As Judge Gerard E. Lynch stated in his concurring opinion in our case, “Although I believe that we have reached the correct result as a matter of interpreting the statute before us, I believe even more strongly that the statute should be revised, with a view to maintaining and strengthening the Act’s privacy protections, rationalizing and modernizing the provisions permitting law enforcement access to stored electronic communications and other data where compelling interests warrant it, and clarifying the international reach of those provisions after carefully balancing the needs of law enforcement (particularly investigations addressing the most serious kinds of transnational crime) against the interests of other sovereign nations.”

  • June 28, 2017
    Guest Post

    by Ira C. Lupu, F. Elwood and Eleanor Davis Professor Emeritus of Law and Robert W. Tuttle, David R. and Sherry Kirschner Berz Research Professor of Law and Religion, George Washington University Law School

    In Trinity Lutheran Church (“TLC”) v. Comer, the Supreme Court confronted a novel question – does the Free Exercise Clause require a state to treat houses of worship identically with other non-profit entities seeking a discretionary grant aimed at enhancing health and safety? By a 7-2 vote, the Court said yes. The number of votes for the result, however, masks very deep divisions among its supporters about Religion Clause and federalism principles.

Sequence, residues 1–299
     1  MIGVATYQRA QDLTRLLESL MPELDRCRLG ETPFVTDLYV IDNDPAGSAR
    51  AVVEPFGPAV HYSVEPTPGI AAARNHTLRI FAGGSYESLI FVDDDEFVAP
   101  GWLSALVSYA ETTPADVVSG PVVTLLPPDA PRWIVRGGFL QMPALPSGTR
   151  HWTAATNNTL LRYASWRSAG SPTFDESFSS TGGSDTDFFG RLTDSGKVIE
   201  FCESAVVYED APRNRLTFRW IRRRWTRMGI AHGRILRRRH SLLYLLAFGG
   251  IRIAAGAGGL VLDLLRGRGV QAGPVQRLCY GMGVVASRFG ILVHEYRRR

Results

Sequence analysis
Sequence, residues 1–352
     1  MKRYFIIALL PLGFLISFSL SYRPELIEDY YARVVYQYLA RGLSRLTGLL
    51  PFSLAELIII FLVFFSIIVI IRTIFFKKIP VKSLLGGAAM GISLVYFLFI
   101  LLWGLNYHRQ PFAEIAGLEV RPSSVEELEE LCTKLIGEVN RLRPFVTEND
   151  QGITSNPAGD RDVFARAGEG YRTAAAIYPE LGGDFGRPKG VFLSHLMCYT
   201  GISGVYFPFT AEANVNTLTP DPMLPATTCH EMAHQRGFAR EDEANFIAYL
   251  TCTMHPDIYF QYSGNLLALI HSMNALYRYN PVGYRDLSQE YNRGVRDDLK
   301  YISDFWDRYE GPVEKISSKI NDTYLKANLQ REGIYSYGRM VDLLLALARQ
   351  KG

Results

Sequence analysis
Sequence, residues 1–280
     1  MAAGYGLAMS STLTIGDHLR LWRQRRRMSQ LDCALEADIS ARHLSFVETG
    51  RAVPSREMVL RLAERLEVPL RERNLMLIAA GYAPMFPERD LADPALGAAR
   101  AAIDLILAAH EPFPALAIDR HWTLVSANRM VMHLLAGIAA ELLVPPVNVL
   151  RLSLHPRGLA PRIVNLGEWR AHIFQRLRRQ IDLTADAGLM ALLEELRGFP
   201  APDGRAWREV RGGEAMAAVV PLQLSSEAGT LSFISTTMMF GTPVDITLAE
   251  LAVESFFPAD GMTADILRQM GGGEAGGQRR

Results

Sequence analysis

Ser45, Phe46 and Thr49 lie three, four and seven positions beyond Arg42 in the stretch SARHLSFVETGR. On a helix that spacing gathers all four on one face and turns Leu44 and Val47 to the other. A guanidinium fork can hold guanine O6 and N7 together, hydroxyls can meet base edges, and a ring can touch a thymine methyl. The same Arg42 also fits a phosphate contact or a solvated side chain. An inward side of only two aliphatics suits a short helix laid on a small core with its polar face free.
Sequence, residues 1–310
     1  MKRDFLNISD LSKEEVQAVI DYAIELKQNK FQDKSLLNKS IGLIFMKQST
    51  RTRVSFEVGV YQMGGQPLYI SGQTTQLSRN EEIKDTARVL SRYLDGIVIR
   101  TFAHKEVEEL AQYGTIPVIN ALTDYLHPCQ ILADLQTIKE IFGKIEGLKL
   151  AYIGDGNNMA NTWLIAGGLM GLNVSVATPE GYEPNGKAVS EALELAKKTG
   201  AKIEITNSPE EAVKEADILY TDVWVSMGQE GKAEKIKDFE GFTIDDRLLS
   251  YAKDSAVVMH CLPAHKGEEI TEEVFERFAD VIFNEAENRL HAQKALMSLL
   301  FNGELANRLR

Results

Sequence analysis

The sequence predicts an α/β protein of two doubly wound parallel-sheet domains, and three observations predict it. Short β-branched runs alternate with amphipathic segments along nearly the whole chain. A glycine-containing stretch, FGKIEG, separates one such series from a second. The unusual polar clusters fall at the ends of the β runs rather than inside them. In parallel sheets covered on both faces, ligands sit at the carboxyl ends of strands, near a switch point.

The case involved Missouri’s program for grants to subsidize the cost of resurfacing playgrounds with materials from scrap rubber tires. TLC had applied for such a grant, and the Missouri Department of Public Resources denied the grant solely on the basis of a provision in the State Constitution that prohibits public funding of houses of worship.

    In an opinion by Chief Justice Roberts, the Court brushed aside concerns of federalism and church-state separation. Instead, the opinion focuses on discrimination based on “religious identity,” and asserts that state interests in church-state separation cannot justify such discrimination. If a state creates a public benefit, even if not widely available, it may not categorically exclude houses of worship. In this case, the purpose of the grant – playground safety – reinforced this approach.  

    The opinion fails to engage seriously with the Religion Clause principles implicated by these facts. The three decisions on which the Court relies did NOT involve discretionary benefits OR houses of worship. In Widmar v. Vincent and Rosenberger v. Rectors and Visitors, the Free Exercise Clause played no part whatsoever. And all three, including McDaniel v. Paty, involved denial of separate constitutional rights to religious persons or groups, not the denial of funds to religious entities.

  • June 26, 2017

    by Shoba Sivaprasad Wadhia, Samuel Weiss Faculty Scholar & Clinical Professor of Law; Director, Center for Immigrants’ Rights Clinic, Penn State Law